# Permutation

• Sep 12th 2009, 06:46 PM
jackie
Permutation
I'm stuck on this problem. I really have no clue. Would someone give me a hand?
1)Show $\forall i$ $\alpha \in S_n$ moves $i$ iff ${\alpha}^{-1}$ moves $i$
2) Show that if $\alpha \beta=(1)$ and $\alpha , \beta$ are disjoint, then $\alpha=(1)$ and $\beta=(1)$
• Sep 12th 2009, 07:49 PM
ThePerfectHacker
Quote:

Originally Posted by jackie
1)Show $\forall i$ $\alpha \in S_n$ moves $i$ iff ${\alpha}^{-1}$ moves $i$

Let $\alpha(i) = j$, note that $i\not = j$ since it is moved. If $\alpha^{-1} (i) = i$ then $i = \alpha(i) = j$ which is a contradiction. Thus, $\alpha^{-1}$ must move $i$.
Quote:

2) Show that if $\alpha \beta=(1)$ and $\alpha , \beta$ are disjoint, then $\alpha=(1)$ and $\beta=(1)$
Notice $\beta = \alpha^{-1}$, by above $\alpha,\beta$ must move the same elements. However, they are disjoint, therefore this forces $\alpha=\beta=\text{id}$.
• Sep 12th 2009, 10:39 PM
jackie
Thank you very much for your help TPH. Can you check if my reasoning is correct on this problem? Show that $sgn(\alpha)=sgn({\alpha}^{-1})$ where $\alpha$ is a permutation.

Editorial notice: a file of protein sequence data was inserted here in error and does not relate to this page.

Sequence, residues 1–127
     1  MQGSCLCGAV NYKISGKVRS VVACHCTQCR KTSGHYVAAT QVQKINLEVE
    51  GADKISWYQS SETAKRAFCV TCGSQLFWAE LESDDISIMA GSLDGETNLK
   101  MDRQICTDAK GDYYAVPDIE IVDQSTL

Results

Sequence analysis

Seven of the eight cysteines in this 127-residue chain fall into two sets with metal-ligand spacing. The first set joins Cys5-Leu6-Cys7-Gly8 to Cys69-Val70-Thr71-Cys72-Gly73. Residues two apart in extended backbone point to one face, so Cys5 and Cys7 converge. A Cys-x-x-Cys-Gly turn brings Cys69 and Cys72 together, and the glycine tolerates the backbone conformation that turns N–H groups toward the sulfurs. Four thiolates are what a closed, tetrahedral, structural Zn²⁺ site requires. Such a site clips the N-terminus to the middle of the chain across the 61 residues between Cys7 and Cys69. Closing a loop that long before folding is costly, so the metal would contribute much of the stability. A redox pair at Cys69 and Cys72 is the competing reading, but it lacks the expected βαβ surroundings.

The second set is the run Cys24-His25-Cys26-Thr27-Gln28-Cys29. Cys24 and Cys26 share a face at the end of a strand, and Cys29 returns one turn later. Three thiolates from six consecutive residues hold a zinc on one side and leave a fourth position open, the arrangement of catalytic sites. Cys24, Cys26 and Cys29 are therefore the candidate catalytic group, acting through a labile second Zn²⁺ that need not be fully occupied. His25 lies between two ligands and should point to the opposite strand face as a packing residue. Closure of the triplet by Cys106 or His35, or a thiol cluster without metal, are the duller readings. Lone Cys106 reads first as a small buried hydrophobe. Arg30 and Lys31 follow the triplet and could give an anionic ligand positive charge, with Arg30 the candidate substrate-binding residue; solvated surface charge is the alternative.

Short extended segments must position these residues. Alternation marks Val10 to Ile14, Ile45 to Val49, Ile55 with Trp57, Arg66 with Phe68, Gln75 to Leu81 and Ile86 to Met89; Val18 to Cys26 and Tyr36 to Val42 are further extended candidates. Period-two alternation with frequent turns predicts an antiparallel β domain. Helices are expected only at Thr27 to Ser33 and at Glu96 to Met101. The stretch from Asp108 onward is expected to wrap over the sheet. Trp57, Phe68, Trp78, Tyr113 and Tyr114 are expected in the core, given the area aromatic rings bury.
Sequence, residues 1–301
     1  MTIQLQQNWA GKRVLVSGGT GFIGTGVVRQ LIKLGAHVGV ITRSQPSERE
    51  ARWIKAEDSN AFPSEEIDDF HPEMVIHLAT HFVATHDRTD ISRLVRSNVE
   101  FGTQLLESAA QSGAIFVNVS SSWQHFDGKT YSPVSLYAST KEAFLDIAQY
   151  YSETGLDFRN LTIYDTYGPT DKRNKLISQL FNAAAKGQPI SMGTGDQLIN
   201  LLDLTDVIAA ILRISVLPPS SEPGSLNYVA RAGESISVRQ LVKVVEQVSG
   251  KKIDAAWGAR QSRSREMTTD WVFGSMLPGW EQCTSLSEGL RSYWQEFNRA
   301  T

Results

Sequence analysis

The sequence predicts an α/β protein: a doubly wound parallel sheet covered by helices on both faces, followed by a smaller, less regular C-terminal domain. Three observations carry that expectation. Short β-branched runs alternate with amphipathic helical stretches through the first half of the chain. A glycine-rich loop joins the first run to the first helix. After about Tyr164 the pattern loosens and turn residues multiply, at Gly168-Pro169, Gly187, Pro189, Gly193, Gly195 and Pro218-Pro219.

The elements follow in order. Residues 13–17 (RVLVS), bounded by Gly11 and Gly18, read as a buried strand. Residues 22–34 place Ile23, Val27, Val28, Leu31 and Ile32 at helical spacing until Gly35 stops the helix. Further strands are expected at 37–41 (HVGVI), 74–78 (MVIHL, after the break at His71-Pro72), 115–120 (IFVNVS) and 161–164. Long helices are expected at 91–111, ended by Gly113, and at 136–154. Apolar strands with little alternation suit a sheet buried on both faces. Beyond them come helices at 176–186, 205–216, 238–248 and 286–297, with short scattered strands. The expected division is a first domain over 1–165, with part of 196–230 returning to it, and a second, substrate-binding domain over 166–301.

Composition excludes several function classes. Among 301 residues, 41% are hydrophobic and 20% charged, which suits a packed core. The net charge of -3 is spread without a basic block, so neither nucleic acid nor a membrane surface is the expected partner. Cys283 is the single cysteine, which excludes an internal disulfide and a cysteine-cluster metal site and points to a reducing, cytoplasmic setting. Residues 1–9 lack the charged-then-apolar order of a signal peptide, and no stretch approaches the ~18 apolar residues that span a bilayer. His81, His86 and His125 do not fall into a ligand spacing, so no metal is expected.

We have $sgn(\alpha {\alpha}^{-1})=sgn(1)=1$, so $sgn(\alpha)sgn({\alpha}^{-1})=1$. Hence, $sgn({\alpha}^{-1})=sgn(\alpha)^{-1}=sgn(\alpha)$
• Sep 13th 2009, 07:57 AM
ThePerfectHacker
Quote:

Originally Posted by jackie
Thank you very much for your help TPH. Can you check if my reasoning is correct on this problem? Show that $sgn(\alpha)=sgn({\alpha}^{-1})$ where $\alpha$ is a permutation.
We have $sgn(\alpha {\alpha}^{-1})=sgn(1)=1$, so $sgn(\alpha)sgn({\alpha}^{-1})=1$. Hence, $sgn({\alpha}^{-1})=sgn(\alpha)^{-1}=sgn(\alpha)$

$\text{sgn}(\alpha)\text{sgn}(\alpha^{-1}) = \text{sgn}(\alpha \alpha^{-1}) = \text{sgn}(\text{id}) = 1 \implies \text{sgn}(\alpha) = \frac{1}{\text{sgn}(\alpha^{-1})} = \text{sgn}(\alpha^{-1})$.